Many articles have been written lately about the imminent collapse of the world order, and with good reason. Many if not most of the institutions, rules and conventions established after the Second World War — guard rails that have delivered peace and prosperity to much of the globe for nearly 75 years — have been attacked by a growing number of ruthless authoritarian leaders. [i] From Vladimir Putin’s unprovoked war on Ukraine and Narendra Modi’s apparent willingness to silence critics in the Indian diaspora, to China’s interventions in the internal affairs of numerous western democracies and Iran’s blatant support for terrorist organizations such as Hamas, the list of bad actors and deeds grows daily.
There are also a number of democratic regimes that have been overthrown through coups or other uprisings, notably in Africa, to the dismay of western aid donors who were supporting them. Then there is the growing number of democratically elected illiberal regimes, from Erdogan in Turkey to Orban in Hungary, who are turning the clock back on the once robust expansion of liberal democracies around the world. Adding to the problem is the disruptive role played by American president Donald Trump, who systematically undermined or overturned many of the fundamental building blocks of this world order during his time in office.
The result of all this turmoil has been a disastrous decline in the number of functioning democracies. As Freedom House reported this year, after more than three decades of progress, the past 17 years have seen a steady decline in the number of people living in free and democratic regimes. In 2022, for the first time ever, the number of countries whose freedoms declined and those that showed improvements was essentially equal, leading the report’s authors to conclude 2022 might mark an ominous turning point in world progress.[ii]
The political consensus is collapsing in established western democracies as well. From the election of a party with close ties to a former Nazi predecessor in Italy and the growing support for the far right party of Marine LePen in France to the actual election of neo-Nazi party members in Germany,[iii] it is becoming increasingly obvious that all is not well on the western front either. Closer to home, for example, it is difficult to adequately describe the extent of the sea change that is currently taking place south of the border, in a country once viewed as a beacon of hope for the free world. One example from 50 years ago may serve to illustrate the enormity of the about face. In 1974, a disgraced President Richard Nixon was obliged to resign, just steps ahead of a threatened impeachment by Congress, after a House committee voted to proceed with the indictment. As Time magazine reported:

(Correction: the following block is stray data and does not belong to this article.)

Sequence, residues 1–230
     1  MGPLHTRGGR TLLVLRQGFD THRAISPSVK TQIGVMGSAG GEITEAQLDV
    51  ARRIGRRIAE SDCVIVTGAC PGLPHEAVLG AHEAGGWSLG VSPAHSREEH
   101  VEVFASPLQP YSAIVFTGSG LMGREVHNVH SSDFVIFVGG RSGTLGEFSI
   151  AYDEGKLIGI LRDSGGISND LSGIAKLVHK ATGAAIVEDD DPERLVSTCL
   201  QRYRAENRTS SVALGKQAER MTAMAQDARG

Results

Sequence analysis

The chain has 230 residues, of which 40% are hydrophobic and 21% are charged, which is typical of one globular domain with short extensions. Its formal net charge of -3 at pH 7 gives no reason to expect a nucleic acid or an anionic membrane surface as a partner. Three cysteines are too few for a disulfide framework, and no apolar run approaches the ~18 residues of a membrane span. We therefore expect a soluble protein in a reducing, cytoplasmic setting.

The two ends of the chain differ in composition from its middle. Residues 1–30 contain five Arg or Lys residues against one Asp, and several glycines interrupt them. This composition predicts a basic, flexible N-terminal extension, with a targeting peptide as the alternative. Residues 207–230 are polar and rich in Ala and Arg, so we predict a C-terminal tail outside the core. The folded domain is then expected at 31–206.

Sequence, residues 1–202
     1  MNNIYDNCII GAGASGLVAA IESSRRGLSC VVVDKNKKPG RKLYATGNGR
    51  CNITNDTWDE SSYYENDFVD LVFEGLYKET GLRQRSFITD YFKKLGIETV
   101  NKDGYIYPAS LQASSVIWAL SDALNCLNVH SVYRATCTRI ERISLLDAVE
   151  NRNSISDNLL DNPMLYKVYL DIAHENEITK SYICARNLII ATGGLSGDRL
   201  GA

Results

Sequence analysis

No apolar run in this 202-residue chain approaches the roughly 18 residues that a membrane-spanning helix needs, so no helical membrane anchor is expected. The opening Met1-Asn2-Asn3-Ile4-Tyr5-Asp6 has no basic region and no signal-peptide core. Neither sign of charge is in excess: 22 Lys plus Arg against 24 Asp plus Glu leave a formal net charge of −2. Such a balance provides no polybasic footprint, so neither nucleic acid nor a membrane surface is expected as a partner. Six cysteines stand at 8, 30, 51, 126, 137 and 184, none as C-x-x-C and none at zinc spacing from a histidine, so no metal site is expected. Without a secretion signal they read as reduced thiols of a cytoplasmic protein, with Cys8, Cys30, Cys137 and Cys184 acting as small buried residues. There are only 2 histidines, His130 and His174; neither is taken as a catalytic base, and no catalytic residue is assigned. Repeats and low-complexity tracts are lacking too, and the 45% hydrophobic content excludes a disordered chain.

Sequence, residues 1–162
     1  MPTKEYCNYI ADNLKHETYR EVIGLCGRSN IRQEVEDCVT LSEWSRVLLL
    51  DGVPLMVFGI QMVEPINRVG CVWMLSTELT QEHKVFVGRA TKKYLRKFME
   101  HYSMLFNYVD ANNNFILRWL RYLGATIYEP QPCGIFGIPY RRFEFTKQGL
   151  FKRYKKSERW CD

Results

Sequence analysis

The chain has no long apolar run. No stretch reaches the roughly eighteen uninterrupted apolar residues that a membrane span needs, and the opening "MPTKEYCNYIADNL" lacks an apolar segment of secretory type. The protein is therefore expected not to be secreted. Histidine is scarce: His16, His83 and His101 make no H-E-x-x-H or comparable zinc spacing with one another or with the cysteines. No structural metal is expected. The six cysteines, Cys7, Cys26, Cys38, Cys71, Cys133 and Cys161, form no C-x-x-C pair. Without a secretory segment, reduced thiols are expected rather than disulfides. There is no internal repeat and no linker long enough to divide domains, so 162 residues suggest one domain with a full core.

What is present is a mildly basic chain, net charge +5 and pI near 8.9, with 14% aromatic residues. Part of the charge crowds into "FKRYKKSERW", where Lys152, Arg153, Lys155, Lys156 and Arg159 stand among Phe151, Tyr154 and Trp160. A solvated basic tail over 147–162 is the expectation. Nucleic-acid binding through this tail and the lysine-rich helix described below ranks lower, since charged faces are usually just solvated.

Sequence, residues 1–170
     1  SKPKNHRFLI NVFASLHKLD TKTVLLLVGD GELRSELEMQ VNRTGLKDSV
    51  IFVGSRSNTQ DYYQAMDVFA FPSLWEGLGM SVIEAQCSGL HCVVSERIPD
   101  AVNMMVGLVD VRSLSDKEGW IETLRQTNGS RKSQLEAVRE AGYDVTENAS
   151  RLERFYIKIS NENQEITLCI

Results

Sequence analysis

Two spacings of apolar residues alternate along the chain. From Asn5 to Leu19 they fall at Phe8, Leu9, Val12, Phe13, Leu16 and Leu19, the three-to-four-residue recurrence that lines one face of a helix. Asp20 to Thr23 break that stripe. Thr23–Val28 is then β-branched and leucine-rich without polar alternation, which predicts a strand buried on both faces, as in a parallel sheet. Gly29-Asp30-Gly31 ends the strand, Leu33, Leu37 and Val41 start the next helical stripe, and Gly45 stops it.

The impeachment action came at the end of a week in which the President’s chances of completing his second term in office fell to their lowest point since the Watergate scandal first threatened his political survival. Earlier in the week, the Supreme Court ruled unanimously that Nixon had no authority to withhold tape recordings of his White House conversations from Special Prosecutor Leon Jaworski. The ruling raised the possibility that more evidence damaging to the President may become available.
The degree of bipartisanship in the Judiciary Committee vote was larger than had been expected, and it effectively rebutted the increasingly shrill claims from White House officials that the impeachment inquiry was a highly partisan “witch hunt” and that the committee amounted to “a kangaroo court.” The range of Republican support for impeachment, embracing the Midwest’s Harold Froehlich and Tom Railsback, the South’s M. Caldwell Butler, the East’s Hamilton Fish and New England’s William Cohen, may well influence wavering Republicans when the full House acts on the committee’s recommendation. [iv]
Fifty years later, the United States has somehow transitioned to a troubled populist, hyperpartisan democracy in which a former, and potentially future, president has been impeached twice and is currently facing more than 91 criminal charges in four separate legal cases. Yet his popularity continues to soar. A boastful and unrepentant Donald Trump has actually taken advantage of the situation to portray himself as a victim and even as a messianic martyr.[v] He has also described both congressional committee hearings and judicial proceedings related to his alleged offences as “kangaroo courts,” and denigrated crown prosecutors and judges as “Trump-haters.” Unlike in the Nixon era, however, this tactic is now proving hugely successful, especially with his legion of followers in the MAGA version of the Republican Party.